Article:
• I have wondered about walking the dog while riding a bike. I have been hesitant to try it because I am afraid he will pull me as he tries to sniff something or go after something he sees. Is is an excellent walker…never pulls me…but I allow him to stop and “smell the roses” so to speak and leave his message. I guess that if you are riding a bike, he is going to be going at a lively pace that he won’t be able to pull you over on the bike. How do you get the dog used to walking/trotting next to the bike?

  3. My female golden had gotten pretty chunky by the time the vet bugged me about it – her waistline had disappeared! I tried several diet foods before settling on Wellness Healthy Weight. She seems satisfied with it and best of all has lost 14 pounds and is in great shape for a 7 yr old spayed female.

    • I tried my goldie on the wellness healthy weight (or whatever the name) and while he liked the food a lot, he gained 6 pounds on it and had a lot of gas. I had to switch him to Natural Balance reduced calorie. Trey is hypothyroid and takes pills to control the thyroid. His high weight was 117 pounds. He was put on prescription diet food through the vet and spent over a year eating that food to get his weight down to 90. We almost made it to the 90 pounds but I lost my job and could no longer afford the price of the food at $60 a month. The vet told me to keep him on a food that had about the same caloric content as the RX food. Well, Hills maintenance weight…wasn’t a lot cheaper and he was having literally, 6-7 large stools each day. I did not like that and he wasn’t too thrilled with the food either. SO, I tried the Wellness…he seemed to like the food but was always hungry and passed a whole lot of gas. So, I switched him over to Natural Balance reduced calorie which has 294 calories per cup. He gets just about day, passes less and smaller stools, and no longer has gas. He isn’t necessarily fond of the food but cleans his dish almost daily. It isn’t the cheapest food either, but I have found a store that sells it for about $6 less then the pet store where I was buying it. Now that warmer weather has returned, we will be taking more walks, especially at the metropark, and getting outside for some more real playtime. I am hoping to get his weight back closer to 90 pounds. But, he is longer and taller and is bigger boned then most goldens so I suspect the 90 – 100 pound range is where he will be. He looked really good at 94 pounds and not too bad at 98. At 117…he looked fat. I want him down to protect his hips. Never diagnosed with hip dysplasa but I think his right hip is weak so would not be surprised.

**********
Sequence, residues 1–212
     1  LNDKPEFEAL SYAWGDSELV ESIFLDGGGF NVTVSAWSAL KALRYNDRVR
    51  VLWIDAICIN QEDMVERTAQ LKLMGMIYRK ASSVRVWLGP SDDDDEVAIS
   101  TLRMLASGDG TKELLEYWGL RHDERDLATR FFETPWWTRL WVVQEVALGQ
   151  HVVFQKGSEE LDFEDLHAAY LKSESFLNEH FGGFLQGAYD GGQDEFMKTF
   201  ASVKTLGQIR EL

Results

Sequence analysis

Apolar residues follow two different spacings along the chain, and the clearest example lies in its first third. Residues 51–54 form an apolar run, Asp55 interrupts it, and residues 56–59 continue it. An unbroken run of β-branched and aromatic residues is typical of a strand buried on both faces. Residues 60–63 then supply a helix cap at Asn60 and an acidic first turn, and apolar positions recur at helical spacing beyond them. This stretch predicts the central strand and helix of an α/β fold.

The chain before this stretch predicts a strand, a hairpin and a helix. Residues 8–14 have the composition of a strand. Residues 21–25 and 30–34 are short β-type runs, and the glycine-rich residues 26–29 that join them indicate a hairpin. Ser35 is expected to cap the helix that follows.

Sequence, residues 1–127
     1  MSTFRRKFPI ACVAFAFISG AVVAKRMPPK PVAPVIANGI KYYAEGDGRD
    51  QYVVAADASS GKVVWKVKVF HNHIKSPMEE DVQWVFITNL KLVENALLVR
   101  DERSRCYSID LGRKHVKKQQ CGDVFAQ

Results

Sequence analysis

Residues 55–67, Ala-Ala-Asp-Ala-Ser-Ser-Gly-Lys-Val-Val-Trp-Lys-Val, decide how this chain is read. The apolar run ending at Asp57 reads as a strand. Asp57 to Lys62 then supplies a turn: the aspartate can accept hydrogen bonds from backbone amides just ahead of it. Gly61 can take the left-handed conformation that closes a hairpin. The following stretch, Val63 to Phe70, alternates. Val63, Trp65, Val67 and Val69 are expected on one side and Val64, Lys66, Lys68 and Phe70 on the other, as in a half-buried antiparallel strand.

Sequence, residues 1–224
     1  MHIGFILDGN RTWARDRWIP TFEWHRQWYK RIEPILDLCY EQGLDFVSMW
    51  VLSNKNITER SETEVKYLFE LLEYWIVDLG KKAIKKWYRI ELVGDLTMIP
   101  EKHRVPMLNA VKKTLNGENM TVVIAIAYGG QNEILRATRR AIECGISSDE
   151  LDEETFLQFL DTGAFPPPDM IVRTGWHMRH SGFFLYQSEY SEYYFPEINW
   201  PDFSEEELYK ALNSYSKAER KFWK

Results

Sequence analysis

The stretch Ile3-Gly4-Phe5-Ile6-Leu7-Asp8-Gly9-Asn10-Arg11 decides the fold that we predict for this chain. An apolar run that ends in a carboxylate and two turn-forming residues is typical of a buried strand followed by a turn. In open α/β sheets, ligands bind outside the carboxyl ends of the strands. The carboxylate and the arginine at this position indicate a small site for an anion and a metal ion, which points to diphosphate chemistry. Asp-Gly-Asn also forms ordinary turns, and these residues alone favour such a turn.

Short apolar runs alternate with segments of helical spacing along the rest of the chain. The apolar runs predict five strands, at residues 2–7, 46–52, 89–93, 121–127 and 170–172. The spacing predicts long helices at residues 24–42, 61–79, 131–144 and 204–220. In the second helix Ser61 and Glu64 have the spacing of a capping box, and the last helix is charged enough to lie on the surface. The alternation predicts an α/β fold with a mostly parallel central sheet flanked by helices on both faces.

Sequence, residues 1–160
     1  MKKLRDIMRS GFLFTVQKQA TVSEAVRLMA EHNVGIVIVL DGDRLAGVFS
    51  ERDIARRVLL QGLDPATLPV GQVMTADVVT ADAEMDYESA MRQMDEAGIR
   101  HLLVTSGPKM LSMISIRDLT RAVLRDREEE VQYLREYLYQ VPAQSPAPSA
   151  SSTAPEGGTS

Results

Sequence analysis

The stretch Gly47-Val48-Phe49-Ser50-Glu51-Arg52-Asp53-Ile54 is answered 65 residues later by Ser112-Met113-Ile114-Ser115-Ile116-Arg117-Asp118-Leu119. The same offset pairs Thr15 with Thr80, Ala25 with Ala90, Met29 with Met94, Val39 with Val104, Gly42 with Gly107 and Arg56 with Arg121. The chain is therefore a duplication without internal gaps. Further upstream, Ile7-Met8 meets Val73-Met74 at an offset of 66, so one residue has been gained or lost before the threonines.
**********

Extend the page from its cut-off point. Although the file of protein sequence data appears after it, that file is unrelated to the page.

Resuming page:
4. I have a black lab who has some inflammed cartilage in his elbow. The vet has ordered that he rest and not do any exercise. He is a little chubby and very hyper. I am trying to get his weight down but it is hard since he can not exercise. I have tried cutting his food intake down but he seems to always be hungry! Any suggestions?

  5. Pingback: Making the Best Diet for your Dog | Paws Kennels Blog